In the case of data, though, while it has an English singular, it's so rarely used as to be almost a nonword. I first encountered the word data over 25 years ago (when I studied data processing in school) and in that time I don't believe I've ever heard the word datum used as its singular or heard data used with a plural verb. I've seen it written with a plural verb many times, but this is the result of the house rules of various publishers.

Datum, by the way, is also a technical word used in surveying and mechanical engineering. It's plural is datums.

And to contribute to the words without a singluar: folks.

Annie-Xmas
08-17-2000, 05:36 PM
And to contribute to the words without a singluar: folks.
[/B][/QUOTE]

There's the Irish folk.

Mr. Blue Sky
08-17-2000, 06:02 PM
Clothes are weird, cuz then you've got underwear which has no plural.

How about "drawers"?

Polycarp
08-17-2000, 06:09 PM
Since Alphagene flagged "cattle" which was my first thought when I saw the thread title, I must pick on his choices...

While the list of things to be acted upon is the most common use for "agenda" the word still maintains a precarious usage as the collective "things to be acted upon" that are on the list, and as such is a plural with the singular agendum..."item on the agenda" in the more common meaning of the word.

Wood Thrush
08-17-2000, 06:27 PM
Species is the same in both sngular and plural. Group it in the same category as [i]fish[i].

A specie is a coin!

dtilque
08-18-2000, 12:03 AM
Originally posted by Annie-Xmas

And to contribute to the words without a singluar: folks.


There's the Irish folk. [/B]
Isn't that also plural?

I dunno. The dictionary says it's singular, but I'm having a hard time thinking of a usage where folk refers to a single person. (And please, no one bring up "folk singer", that's an adjective.)

Chronos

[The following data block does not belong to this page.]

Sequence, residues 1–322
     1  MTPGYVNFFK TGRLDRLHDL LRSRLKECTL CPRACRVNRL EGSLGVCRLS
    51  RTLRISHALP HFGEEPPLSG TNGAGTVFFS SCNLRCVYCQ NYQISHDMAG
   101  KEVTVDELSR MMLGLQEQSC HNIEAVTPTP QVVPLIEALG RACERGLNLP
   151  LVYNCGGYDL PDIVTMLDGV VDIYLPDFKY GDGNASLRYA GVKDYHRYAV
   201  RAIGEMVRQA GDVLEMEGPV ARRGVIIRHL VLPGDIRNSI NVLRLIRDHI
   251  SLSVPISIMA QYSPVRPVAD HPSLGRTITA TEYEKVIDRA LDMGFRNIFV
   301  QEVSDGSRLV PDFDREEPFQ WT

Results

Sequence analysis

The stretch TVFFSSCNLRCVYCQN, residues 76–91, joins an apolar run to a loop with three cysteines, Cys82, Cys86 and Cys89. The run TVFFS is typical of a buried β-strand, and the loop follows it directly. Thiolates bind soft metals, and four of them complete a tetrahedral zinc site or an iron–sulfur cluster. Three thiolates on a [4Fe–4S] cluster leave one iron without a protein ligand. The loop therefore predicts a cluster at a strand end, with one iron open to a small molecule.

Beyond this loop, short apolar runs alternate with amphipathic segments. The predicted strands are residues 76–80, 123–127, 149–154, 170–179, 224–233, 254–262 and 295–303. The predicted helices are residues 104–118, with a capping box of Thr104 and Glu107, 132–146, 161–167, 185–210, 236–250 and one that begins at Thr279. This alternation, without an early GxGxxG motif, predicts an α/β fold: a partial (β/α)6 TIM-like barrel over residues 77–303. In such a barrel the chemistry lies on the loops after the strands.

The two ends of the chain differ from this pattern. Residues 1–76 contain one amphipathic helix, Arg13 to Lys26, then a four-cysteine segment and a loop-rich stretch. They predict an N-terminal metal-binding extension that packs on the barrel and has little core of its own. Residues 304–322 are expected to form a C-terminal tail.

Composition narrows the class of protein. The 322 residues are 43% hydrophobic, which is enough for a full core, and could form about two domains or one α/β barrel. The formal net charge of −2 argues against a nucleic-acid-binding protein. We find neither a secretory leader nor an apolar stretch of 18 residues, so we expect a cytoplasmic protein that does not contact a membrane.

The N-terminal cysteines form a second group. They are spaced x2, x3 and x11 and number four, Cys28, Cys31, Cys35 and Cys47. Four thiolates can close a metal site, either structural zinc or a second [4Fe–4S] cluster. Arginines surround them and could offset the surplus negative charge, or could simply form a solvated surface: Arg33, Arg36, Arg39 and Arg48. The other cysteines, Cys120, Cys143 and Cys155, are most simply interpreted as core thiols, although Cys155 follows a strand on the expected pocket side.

08-18-2000, 12:24 AM
Yes, "folk" is singular. It doesn't refer to a single person, but to a single group of people. For instance, I might say that the Irish are a fun-loving folk, or I might say that the Irish and the Dutch are fun-loving folks. It's one of those collective nouns I mentioned earlier.

dtilque
08-18-2000, 12:43 AM
Originally posted by Chronos
Yes, "folk" is singular. It doesn't refer to a single person, but to a single group of people. For instance, I might say that the Irish are a fun-loving folk, or I might say that the Irish and the Dutch are fun-loving folks. It's one of those collective nouns I mentioned earlier.
OK, but that's a different usage than what I was originally thinking of. When I talk about my folks, I mean my parents. But if I'm just talking about one of them, I can't refer to him/her as my folk.

08-18-2000, 03:47 AM
Whoosh.

Welcome to the board, ed.

Name's not ed, but nice ta meetcha anyways, connery...er...conman...whatever...

Is smegma singular or plural or does it even matter? Wait, I can answer that last part...

KenP
08-18-2000, 06:30 AM
Congratulations

GuanoLad
08-18-2000, 09:13 AM
An opposing thought...

There's no plural for Phoenix.

b-dum - tish!

barbitu8
08-18-2000, 09:33 AM
Fish can be a plural, but fishes is also a plural, and it is used when you have various species of fish together, or is that "various species of fishes"?

ThreeLeggedBob
08-18-2000, 02:18 PM
Scissors.

notquitekarpov
08-18-2000, 02:30 PM
In Texas I understand there is "y'all" of which the plural is remarkably "all y'all".

I'll now return to my hole....

Smeghead
08-18-2000, 07:56 PM
Originally posted by E d'Mann
smegma singular or plural or does it even matter? Wait, I can answer that last part...
[/B]

I'm single. :D

Ringo
08-18-2000, 07:59 PM
In the case of data, though, while it has an English singular, it's so rarely used as to be almost a nonword. I first encountered the word data over 25 years ago (when I studied data processing in school) and in that time I don't believe I've ever heard the word datum used as its singular or heard data used with a plural verb. I've seen it written with a plural verb many times, but this is the result of the house rules of various publishers.

FWIW, I live with the word "data" on a daily basis and am surrounded by its use. In my experience it is treated as a plural. And I see and hear the singular "datum" used as well. I will note, though, that my dictionary has a parenthetical note: (often construed as singular).